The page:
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Gene Dynarski, who played Stalin in Command & Conquer: Red Alert, has died

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Playwright Ernest Kearney announced earlier this week that actor Gene Dynarski died while recovering from a "heart episode" at a rehabilitation center in February. He was 86 years old, and is survived by two children. 

Dynarski's prolific career included parts in Star Trek, Seinfeld, and Close Encounters of the Third Kind—but I first saw him as Joseph Stalin in Command & Conquer: Red Alert. That classic videogame performance can be seen above. 

Funnily, Red Alert wasn't actually the first time Dynarski played Stalin: He also played the Soviet leader in David Pownall play Master Class in 1987.

Dynarski was born to Polish immigrants in New York, and lied about his age to join the Navy when he was just 16, according to Kearney's account. He got his start in acting after moving to California in 1957 and studying the craft in San Diego.

Gene Dynarski in the 1966 Batman.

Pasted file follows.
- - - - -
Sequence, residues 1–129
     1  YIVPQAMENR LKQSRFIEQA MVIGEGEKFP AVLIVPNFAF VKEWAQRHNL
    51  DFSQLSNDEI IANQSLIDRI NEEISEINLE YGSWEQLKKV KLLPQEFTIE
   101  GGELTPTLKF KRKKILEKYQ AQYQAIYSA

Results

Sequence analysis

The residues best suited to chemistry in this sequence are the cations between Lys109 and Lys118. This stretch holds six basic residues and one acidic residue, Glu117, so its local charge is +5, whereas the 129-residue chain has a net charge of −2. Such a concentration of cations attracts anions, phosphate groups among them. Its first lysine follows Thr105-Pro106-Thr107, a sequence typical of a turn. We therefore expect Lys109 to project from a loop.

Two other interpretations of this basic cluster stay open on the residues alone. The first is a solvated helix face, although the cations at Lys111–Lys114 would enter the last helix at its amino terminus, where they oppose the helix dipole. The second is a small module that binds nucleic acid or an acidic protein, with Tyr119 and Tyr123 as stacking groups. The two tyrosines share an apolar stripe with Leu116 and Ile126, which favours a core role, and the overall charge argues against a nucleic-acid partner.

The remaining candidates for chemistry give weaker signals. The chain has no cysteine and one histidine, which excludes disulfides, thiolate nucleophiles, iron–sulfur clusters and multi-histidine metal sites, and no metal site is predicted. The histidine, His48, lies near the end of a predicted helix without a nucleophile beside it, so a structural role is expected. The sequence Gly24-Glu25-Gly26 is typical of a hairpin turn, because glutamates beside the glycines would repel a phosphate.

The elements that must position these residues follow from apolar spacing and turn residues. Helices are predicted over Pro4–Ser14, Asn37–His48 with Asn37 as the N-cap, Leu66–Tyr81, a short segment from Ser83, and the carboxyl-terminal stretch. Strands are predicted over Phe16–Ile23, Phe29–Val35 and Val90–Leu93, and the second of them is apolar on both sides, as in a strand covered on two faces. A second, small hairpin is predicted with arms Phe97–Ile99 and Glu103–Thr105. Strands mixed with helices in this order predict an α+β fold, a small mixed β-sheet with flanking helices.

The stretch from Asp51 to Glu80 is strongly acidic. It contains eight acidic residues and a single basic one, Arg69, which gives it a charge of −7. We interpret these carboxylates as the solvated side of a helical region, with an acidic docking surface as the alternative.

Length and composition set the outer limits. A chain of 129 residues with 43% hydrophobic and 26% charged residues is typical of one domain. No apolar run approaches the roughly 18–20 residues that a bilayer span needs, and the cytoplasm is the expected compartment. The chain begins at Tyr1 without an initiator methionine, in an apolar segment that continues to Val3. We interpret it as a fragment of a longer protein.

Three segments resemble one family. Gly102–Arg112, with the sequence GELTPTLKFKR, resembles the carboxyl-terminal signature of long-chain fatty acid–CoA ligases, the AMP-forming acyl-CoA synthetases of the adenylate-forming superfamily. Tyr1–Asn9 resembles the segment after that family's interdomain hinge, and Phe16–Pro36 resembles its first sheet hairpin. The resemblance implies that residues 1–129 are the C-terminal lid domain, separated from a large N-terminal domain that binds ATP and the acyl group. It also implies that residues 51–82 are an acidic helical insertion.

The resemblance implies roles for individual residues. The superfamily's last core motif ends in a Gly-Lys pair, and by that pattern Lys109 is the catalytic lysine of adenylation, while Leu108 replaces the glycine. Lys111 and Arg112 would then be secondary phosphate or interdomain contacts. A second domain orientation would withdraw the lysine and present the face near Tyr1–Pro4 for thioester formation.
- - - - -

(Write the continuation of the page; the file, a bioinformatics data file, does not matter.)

Gene Dynarski in the 1966 Batman. (Image credit: 20th Century Fox)

According to Kearney, Dynarski had a penchant for pissing people off with "abrasive and harsh diatribes"—an ability he even exercised on Steven Spielberg—but was "hard to stay pissed at" on account of his generosity and kindheartedness. You can read Kearney's eulogy for Dynarski here

Recently, a number of Command & Conquer and Red Alert FMV scenes were discovered on tapes at EA LA, and will be included in the upcoming remaster—though we don't know if any extra Stalin scenes are among them. Hopefully so.

Coincidentally, actor Dimitri Diatchenko, who appeared in Red Alert 3's Soviet campaign, also died recently.

Tyler Wilde
Tyler Wilde

Tyler grew up in Silicon Valley alongside Apple and Microsoft, playing games like Zork and Arkanoid on the early personal computers his parents brought home. He was later captivated by Myst, SimCity, Civilization, Command & Conquer, Bushido Blade (yeah, he had Bleem!), and all the shooters they call "boomer shooters" now. In 2006, Tyler wrote his first professional review of a videogame: Super Dragon Ball Z for the PS2. He thought it was OK. In 2011, he joined PC Gamer, and today he's focused on the site's news coverage. After work, he practices boxing and adds to his 1,200 hours in Rocket League.